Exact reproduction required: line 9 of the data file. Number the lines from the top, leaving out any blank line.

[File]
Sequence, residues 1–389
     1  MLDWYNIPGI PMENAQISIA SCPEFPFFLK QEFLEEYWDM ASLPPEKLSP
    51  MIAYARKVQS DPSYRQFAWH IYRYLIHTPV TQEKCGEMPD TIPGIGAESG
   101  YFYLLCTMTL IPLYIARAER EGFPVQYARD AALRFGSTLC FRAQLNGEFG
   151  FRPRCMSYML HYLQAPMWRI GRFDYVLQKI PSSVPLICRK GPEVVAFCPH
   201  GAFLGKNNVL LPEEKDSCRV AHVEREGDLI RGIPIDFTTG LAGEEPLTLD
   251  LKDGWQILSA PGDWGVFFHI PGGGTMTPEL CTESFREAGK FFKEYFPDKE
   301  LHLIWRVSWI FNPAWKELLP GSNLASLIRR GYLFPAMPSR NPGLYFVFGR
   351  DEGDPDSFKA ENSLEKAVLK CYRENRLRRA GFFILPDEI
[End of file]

   351  DEGDPDSFKA ENSLEKAVLK CYRENRLRRA GFFILPDEI